This post is an excerpt from our Digital Citizenship Conference in Los Angeles. The conference was a rich environment for educators, law enforcement officers and parents to openly discuss issues and solutions for helping students shine in the digital world. All of the content from the Digital Citizenship Conference is available as a Virtual Replay Ticket.
Here are the experts who contributed to this blog:
Here are some key takeaways from the Online Activities that Impress College Admissions panel:
- Understand the importance of a positive digital footprint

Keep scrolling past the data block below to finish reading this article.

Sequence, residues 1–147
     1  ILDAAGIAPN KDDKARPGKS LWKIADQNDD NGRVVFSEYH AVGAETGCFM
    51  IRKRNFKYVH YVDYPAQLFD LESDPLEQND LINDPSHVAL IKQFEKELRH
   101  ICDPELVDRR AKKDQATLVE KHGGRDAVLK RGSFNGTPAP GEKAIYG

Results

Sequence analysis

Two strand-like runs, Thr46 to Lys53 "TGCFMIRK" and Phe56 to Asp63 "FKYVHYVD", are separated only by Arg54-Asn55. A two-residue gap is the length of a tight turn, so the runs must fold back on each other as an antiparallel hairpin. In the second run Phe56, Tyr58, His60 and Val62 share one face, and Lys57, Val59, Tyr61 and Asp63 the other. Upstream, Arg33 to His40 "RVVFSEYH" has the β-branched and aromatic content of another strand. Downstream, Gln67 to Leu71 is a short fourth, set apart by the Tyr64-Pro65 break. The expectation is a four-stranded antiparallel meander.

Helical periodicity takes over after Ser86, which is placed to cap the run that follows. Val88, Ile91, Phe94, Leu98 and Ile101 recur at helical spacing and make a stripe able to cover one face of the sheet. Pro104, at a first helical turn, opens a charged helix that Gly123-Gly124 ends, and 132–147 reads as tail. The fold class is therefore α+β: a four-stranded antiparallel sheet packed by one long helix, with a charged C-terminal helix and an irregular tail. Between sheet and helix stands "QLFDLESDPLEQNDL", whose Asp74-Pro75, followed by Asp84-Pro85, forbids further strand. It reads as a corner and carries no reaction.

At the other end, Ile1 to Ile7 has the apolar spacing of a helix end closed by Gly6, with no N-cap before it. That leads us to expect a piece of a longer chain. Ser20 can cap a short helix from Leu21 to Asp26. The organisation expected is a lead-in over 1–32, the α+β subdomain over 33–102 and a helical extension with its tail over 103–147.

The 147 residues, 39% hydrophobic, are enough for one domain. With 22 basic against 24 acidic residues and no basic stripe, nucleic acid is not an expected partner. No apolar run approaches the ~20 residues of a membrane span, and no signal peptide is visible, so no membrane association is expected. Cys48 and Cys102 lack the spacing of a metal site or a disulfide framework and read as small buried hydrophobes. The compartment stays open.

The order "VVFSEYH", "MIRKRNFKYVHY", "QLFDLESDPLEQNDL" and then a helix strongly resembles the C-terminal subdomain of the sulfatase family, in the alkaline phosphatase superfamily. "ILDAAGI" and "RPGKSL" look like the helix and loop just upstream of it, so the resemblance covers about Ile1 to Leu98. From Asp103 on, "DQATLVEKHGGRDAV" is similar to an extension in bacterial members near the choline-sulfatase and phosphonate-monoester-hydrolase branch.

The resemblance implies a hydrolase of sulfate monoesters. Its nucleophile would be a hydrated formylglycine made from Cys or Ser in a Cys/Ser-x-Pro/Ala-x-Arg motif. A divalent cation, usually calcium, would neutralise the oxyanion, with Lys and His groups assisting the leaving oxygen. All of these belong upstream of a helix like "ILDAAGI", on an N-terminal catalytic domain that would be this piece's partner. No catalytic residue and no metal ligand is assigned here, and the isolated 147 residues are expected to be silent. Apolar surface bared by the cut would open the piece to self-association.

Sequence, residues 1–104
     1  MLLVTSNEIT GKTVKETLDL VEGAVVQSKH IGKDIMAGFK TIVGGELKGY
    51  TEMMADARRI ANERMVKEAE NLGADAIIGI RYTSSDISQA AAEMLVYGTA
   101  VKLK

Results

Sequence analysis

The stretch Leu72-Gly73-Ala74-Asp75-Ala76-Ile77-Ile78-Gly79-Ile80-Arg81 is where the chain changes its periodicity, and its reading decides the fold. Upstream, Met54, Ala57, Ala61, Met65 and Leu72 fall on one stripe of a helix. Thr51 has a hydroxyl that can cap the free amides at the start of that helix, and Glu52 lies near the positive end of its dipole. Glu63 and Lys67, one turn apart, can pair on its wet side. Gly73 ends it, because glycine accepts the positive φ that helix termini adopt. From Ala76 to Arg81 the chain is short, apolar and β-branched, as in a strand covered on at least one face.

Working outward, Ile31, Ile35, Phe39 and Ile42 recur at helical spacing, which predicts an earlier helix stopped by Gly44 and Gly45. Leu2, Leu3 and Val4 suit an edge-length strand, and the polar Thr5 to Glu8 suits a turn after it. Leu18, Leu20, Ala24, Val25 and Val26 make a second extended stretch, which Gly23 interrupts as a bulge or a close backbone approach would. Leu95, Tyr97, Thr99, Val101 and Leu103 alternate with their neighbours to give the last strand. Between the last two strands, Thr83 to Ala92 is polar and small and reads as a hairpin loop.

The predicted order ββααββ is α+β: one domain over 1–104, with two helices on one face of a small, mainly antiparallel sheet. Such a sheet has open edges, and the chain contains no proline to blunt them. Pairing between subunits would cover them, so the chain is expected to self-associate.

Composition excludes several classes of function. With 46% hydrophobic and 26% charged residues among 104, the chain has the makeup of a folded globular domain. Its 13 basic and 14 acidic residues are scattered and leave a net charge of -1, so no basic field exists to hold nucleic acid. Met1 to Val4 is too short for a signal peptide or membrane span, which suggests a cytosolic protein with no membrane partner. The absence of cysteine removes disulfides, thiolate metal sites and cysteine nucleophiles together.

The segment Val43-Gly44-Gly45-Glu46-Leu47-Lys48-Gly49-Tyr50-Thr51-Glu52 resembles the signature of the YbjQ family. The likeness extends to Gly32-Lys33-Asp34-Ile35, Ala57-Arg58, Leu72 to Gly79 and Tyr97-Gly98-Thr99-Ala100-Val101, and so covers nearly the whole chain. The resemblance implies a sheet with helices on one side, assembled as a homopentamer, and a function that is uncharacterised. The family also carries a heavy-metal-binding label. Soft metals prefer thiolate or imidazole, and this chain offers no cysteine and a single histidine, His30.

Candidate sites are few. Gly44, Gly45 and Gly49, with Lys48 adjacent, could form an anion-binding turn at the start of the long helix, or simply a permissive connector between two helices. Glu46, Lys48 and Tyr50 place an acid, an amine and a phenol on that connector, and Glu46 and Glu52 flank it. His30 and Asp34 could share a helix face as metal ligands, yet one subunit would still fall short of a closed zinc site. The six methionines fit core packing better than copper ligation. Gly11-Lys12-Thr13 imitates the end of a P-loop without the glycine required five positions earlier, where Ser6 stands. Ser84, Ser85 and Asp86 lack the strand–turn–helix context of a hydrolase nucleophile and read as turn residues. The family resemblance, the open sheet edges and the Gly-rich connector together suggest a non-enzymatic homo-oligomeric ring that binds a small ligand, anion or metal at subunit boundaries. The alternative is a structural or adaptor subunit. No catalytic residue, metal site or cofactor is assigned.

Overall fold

- Own your search results
- Create two personal stories
With more and more colleges checking the digital footprint of their applicants, it’s becoming crucial to understand your search results as a student. Parents and educators should start a dialogue with teens that highlights the importance and permanent nature of their digital footprint.
As a student, the best way to ensure that you will have a positive digital footprint is to create a personal website with a resume or portfolio. Also, don’t be afraid to ask someone to remove a photo, that you are in, if you think it negatively impacts your online presence.
Colleges are concerned with different factors of potential candidates, which is why it is imperative to create two personal stories. The first story should highlight your academic achievements, while the second story should include your unique qualities and skill sets.